After a while, once we were all fairly well-lubricated, Matthew took us on a tour of his production facility. Housed in an old stable, the brewery wasn’t anything like what I was expecting. It was really straightforward. Just a scaled up, very refined, hombrewing setup. He explained that their low-tech approach afforded them quite a degree of control over their process, a process that starts with the unique — and fairly perfect — water supply they have running through their backyard, and ends in one of their 18 50-gallon Blichmann fermenters or nine OYO whiskey barrels.

Matthew and his team were extremely gracious hosts, and very knowledgeable guides who patiently answered any and all of my questions about their yeast strains, production schedule, distribution channels, future plans, et al. But instead of me just telling you about all that, I recommend you take an afternoon and head down there yourself. The tasting room is now open to the public on weekends, and I’m sure Matthew, his team, and their brew dog Scooby would love to have you. Maybe you’ll even see Mike there, making up for his missed opportunity.

August 27th, 2012 Add A Comment
21st Amendment Brewery

Hop Crisis Imperial IPA

Posted by Kyle
2012 batch, from a 12 oz. can, served in a pint glass
RateBeer: 99 / Beer Advocate: 89 / Untappd: 4 caps

LOOK

Golden yellow with a 1/2 inch head — dissipates to about 1/8 inch — and laces all the way down.

SMELL

Lots of citrus, bits of oak and earth, slight malt.

TASTE

Surprisingly biscuity up front. Quickly gives way to grapefruit and hops. Oaked smokiness masks some of the alcohol flavor near the back. Ends very bitter.

FEEL

Moderate thickness and carbonation.

OVERALL

It’s a really nice beer. Not too heavy-handed on the oak flavors, but enough to cover some of the booziness and add a nuanced finish. And you’re never confused about what you’re drinking; definitely a DIPA all the way through. Very drinkable for the high alcohol content, and pretty refreshing, especially near the end of summer. 21st Amendment continues to deliver on the off-the-beaten-path excellence I’ve come to expect from them.

Rating: 4.25 out of 5

Spotted: Kroger – Brewery District
  • Style Imperial/Double IPA
  • ABV 9.7
  • IBU 94
  • Origin California
Add A Comment August 26th, 2012

Columbus Summer Beerfest

Posted by Kyle

Columbus Summer Beerfest

A new venue. Some new features. Lots of very important people.

When I first heard the Columbus Beerfest was moving their summer event to the LC Pavilion, I was really intrigued. Outdoor fests are usually pretty rad — as long as the weather cooperates — and the LC is fantastic venue for any kind of event. I did wonder, though, how they would utilize the space, and if it would be conducive to easy navigation and wayfinding.

One of the positive ways they used the space was by inviting some local food trucks. A few of the more well-known trucks lined the festival entry, including Mikey’s Late Night Slice, Sophie’s Gourmet Pierogi, and The Cheesy Truck. Their offerings were a nice change of pace from the fairly uninspired grub available at the convention center refreshment stands. Others must have felt the same, all the trucks had a crowd throughout the evening.

Another nice (at least in theory) addition, was that of a VIP room. Set on its own in the A&R Bar, the VIP-only tasting room housed several more unique and limited brews, like Brooklyn’s Blast!, Hoppin’ Frog’s B.O.R.I.S. The Crusher Oatmeal Imperial Stout, and The Bruery’s Mischief, among others. All well and good if the organizers hadn’t completely oversold the VIP tickets and packed the room to capacity.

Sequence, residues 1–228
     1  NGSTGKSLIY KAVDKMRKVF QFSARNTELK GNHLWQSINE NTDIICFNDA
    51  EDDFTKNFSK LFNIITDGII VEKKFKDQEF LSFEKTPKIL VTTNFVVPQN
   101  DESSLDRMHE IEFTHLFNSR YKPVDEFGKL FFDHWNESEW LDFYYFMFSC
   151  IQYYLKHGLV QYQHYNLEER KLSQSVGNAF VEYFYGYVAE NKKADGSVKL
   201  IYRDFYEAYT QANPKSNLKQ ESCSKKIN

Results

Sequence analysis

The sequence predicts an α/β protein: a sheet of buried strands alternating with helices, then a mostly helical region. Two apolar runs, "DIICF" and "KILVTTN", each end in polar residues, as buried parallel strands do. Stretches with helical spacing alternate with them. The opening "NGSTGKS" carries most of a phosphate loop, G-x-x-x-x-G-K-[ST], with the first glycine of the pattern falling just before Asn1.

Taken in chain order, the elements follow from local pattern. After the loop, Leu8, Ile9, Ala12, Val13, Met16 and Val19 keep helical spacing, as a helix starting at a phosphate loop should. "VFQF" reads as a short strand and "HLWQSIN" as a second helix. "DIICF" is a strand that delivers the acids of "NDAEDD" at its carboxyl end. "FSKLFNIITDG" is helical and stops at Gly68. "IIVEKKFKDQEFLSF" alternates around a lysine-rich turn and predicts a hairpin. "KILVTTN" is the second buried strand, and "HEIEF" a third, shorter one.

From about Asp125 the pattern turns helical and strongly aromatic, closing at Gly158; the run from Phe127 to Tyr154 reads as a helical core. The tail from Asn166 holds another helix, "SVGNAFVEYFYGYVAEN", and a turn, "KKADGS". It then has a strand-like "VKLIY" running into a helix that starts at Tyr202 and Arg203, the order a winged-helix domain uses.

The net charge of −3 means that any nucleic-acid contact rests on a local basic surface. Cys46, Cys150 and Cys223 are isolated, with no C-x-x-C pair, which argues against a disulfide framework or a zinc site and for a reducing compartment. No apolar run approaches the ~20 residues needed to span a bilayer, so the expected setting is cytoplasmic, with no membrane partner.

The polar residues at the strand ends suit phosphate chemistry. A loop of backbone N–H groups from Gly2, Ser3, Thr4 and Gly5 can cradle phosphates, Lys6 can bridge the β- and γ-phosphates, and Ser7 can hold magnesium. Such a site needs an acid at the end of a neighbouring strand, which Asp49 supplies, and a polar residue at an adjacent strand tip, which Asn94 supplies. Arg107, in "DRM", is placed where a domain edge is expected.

If I had to guess, I’d say that about two-thirds of the total attendees had purchased VIP tickets. Probably double the amount that should have been allowed to. The entry line, even at 5:45, was absolutely ridiculous. It stretched all the way down Neil Avenue, around the corner onto Vine Street, and ended near the 670 off-ramp. Damn near every person that shuffled by was grumbling about the number of “VIPs” and the length of the line.

Once inside, some of my concerns about the layout were confirmed. There was no flow. No organization. No rhyme or reason. Tables lined the wall, on both levels, around the stage, a number of them were separated off in a corner, about a dozen or so were set up inside the main building, and then a handful were at the very top of the lawn. Those few at the top were a pain to get to — because of the incline and the crowds on the walkway — but some of the best breweries (Dogfish Head, Four String, Fat Heads) were up there, so it was worth the trip.

Dogfish Head had an expected selection, Indian Brown, Tweason’ale, Chicory Stout, and 90 Minute. Nothing too special. Four String had their usual duo, Brass Knuckle and Backstage Blonde, but also a third that I hadn’t yet tried called Big Star White IPA. It was pretty mild — tasty — but I still prefer their pale ale. Fat Head’s had a consistently large crowd all night, and with good reason. They had their excellent Head Hunter IPA there (which got tapped out before I could try some), Starlight Lager, and Sorcerer, a Belgian dark strong ale that was really nice. My beer of the night, however, had to go Elevator, and their “Big Vic” Imperial Mogabi. “Big Vic” is an American pale wheat ale, heavy on the hops with tons of fruit notes. If you see it on draft around town, be sure to give it a try.

All in all, the Columbus Summer Beerfest was a pleasant evening. The weather was perfect — not too hot, not too cold, no rain — the beer selection was slightly above average, and the food trucks were a nice add. They really need to look at curbing their VIP sales, though. Or increasing the price difference between regular admission and VIP to try to balance it out a bit. Until they do that, it’ll just be another excuse for Columbus to get drunk.